Some of Buddha's clothes were said to be kept in Rankot Vihara.
Gal Vihara, our next destination, is something that we really shouldn't miss, according to my local friend. Buddha figures in 3 different poses were carved from one enormous stone slab that is still intact up to this day. I couldn't get any closer because my soles were already scalding but from where I was standing, I can already see how massive the whole carvings are.

Gal Vihara

Buddha in standing and reclining poses. Use the humans for scale to have an idea how big are the carvings.
Our last Polonnaruwa stop was a Lotus Pond that tourists don't usually visit, probably because the photo on the map was plain..

True to its name, the dried up pond has a lotus form. If filled with water, it would still be operational because the stones used are in pristine condition. I hope the pond would last another millennia.

The Lotus Pond
It was 12:30 when we bid goodbye to Polonnaruwa. Feeling dehydrated from all the sight-seeing at high noon, the sight of a stall selling king coconuts was very fitting.

I grew up knowing that green coconuts are the freshest so this was a totally new and delicious experience.


Founded around 5th century B.C., Anuradhapura was Sri Lanka's first capital for both politics and religion. The different complices of palaces and temples were vastly scattered but the routes showed us that all of them are linked to the other in more ways than one. The present-day Anuradhapura was also so quiet; it's like they are trying to preserve the solemnity of history that blankets the city.

We first visited the Sri Maha Bodhi, the first and oldest surviving bo tree (fig tree) in Sri Lanka. Bo trees are sacred for Buddhists as it was said that Buddha gained enlightenment when meditating beneath this tree. The Sri Maha Bodhi was planted from a cutting of Buddha's original Bo tree in India.

Shoulders and legs must be covered and footwear must be removed before we can enter the area. Fortunately, I was wearing a white shirt that day as it was also a requirement.

You know the drill: shoes off!
They built a platform surrounding the tree where you can place offerings.
It smelt of calming incense around the tree. It was also so cool under it, slightly cooler compared to other trees, which must have been the reason why Buddha chose it. To complete the experience, Roshan got some lilies for me to offer with my intentions.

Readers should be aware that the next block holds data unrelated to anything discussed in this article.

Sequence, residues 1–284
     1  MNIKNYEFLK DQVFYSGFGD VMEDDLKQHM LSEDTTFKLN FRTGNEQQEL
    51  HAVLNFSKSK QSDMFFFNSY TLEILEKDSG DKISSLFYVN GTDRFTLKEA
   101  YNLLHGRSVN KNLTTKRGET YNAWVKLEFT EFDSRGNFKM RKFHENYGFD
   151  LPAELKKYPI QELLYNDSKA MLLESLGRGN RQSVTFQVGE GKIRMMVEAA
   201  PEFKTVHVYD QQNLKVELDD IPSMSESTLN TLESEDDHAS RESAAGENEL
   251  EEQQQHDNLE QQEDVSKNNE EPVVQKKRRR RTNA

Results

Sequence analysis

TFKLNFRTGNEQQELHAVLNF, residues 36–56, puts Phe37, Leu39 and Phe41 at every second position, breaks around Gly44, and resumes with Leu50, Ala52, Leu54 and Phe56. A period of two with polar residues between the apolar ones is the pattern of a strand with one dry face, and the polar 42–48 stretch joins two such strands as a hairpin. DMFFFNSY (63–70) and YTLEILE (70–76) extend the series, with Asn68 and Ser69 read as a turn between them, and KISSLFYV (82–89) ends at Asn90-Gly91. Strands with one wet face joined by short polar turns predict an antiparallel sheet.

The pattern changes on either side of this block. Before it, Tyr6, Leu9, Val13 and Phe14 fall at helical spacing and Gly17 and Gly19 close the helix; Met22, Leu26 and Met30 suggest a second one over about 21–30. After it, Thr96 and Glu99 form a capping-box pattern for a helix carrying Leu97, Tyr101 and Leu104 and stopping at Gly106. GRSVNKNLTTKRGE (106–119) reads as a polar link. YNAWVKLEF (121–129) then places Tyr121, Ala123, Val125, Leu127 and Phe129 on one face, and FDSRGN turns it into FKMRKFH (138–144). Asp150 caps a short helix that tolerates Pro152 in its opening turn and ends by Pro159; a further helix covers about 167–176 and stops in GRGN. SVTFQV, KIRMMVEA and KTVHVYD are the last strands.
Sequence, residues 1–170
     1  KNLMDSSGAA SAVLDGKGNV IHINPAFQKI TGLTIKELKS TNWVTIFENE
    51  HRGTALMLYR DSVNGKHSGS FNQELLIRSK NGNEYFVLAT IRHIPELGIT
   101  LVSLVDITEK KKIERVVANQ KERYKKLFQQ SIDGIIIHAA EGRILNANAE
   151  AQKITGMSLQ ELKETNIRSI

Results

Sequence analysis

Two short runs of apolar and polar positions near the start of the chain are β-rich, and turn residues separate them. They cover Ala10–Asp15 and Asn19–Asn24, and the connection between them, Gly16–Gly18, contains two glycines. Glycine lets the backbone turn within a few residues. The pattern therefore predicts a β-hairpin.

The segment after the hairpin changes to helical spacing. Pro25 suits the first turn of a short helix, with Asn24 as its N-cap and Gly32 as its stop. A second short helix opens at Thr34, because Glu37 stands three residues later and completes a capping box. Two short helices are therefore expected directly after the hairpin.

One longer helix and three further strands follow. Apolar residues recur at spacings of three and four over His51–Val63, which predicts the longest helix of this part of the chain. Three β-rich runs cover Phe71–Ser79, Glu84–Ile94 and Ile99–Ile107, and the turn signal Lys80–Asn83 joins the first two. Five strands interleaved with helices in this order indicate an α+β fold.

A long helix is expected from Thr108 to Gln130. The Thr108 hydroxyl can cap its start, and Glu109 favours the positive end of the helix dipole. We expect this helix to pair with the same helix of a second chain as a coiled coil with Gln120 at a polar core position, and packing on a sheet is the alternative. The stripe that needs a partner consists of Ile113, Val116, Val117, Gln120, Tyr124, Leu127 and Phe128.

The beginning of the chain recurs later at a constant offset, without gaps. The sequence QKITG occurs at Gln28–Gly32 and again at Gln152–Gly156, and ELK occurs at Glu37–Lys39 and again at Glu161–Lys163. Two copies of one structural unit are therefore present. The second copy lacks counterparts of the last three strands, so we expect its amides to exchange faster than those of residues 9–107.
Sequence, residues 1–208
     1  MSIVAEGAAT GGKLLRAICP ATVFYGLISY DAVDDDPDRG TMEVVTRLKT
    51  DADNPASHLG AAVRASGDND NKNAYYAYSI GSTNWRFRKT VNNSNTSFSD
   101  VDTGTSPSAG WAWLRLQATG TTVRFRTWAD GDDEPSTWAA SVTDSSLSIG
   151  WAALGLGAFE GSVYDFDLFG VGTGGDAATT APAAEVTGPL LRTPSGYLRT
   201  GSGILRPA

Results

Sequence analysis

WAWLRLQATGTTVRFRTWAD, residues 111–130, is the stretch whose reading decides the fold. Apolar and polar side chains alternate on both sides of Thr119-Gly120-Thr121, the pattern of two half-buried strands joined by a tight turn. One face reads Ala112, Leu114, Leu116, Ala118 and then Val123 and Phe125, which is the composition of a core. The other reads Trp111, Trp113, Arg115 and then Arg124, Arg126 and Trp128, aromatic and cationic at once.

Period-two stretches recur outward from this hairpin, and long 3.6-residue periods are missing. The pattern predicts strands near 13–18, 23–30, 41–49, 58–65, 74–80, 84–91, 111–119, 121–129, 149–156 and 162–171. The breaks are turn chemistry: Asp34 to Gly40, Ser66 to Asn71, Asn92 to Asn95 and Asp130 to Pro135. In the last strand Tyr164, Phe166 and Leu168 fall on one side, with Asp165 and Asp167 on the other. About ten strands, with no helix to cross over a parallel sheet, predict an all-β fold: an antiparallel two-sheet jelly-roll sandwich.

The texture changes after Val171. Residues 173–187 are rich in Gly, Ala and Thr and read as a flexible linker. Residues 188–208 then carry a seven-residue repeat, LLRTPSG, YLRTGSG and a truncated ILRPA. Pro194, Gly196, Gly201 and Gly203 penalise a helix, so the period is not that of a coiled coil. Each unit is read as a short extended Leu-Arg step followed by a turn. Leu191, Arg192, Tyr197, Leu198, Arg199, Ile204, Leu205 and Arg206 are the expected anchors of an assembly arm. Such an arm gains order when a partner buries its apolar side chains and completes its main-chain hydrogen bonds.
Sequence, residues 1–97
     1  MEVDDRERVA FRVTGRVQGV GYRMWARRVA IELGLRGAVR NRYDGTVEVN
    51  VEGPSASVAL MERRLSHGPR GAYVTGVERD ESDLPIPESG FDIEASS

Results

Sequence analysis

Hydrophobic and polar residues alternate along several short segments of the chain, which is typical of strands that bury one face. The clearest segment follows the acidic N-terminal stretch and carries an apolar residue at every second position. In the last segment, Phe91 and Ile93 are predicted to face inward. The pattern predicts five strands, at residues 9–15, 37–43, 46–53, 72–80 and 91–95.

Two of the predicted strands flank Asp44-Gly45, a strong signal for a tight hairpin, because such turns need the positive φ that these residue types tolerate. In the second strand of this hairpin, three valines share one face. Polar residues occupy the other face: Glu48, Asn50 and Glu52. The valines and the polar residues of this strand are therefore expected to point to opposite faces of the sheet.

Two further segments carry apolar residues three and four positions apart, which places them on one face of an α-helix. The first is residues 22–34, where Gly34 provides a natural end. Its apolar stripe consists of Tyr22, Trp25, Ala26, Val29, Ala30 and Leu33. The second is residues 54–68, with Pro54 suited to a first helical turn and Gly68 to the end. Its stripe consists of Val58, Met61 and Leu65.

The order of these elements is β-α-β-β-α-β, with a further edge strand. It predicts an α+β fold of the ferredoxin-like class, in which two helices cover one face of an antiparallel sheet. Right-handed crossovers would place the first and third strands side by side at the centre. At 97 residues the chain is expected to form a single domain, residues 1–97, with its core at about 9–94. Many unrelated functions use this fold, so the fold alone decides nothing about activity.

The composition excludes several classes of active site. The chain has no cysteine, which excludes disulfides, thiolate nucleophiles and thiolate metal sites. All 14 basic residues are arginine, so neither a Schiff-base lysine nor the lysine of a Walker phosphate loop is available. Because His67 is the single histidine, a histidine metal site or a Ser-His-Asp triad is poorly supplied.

Pilgrims to Sri Maha Bodhi

After the refreshing Sri Maha Bodhi experience, we walked to Ruwanwelisaya Dagoba. My sandals were left in the car so we had to walk on hot bricks for a couple hundred meters going there. Fortunately, there were patches of cool grass in most parts so I just walked over there. When free monkeys get closer to me, I would just go back to the brick pathway.

My heart felt so light in the presence of the colossal dagoba that stands at 103 meters. Many people were praying, while there were also groups listening to what seemed like a lecture by a monk. Again, the smell of incense wafted over the premises and I just felt peace.

We went back through the same way we entered, the Bo tree gate, and drove to our last destination for the day-- the Isurumuniya Temple. It is home of the Isurumuniya Lovers carving which was said to be inspired by a prince who was banished by his father when he fell in love with a maiden servant. Modern-day couples would come to the temple to ask for the "lovers' blessings".

There were also carvings of the king's family; their ancient version of a groufie.
You can also find a monk blessing and tying pirith noola on guests. I didn't miss this chance and lined up. Pirith noola is a sacred wool that Buddhists wear to protect themselves from visible and invisible dangers. I had one from a monk in Colombo during my first visit to SL. Oh, I didn't convert to Buddhism but if this offers protection, then I'm game.

There were several places in both Polonnaruwa and Anuradhapura that I skipped due to time constraints, although I wish I hadn't. Each landmark has a story to tell and I should've spent more time listening. So, if you're planning to visit the ancient cities, it would be best to allot one day for each.

And if you're a Filipino like me, you would wish we were not colonized. Imagine the true Pinoy ingenuity and culture that we could've preserved and showcased to the world.

Heading to the ancient cities? Let me know what do you look forward to see!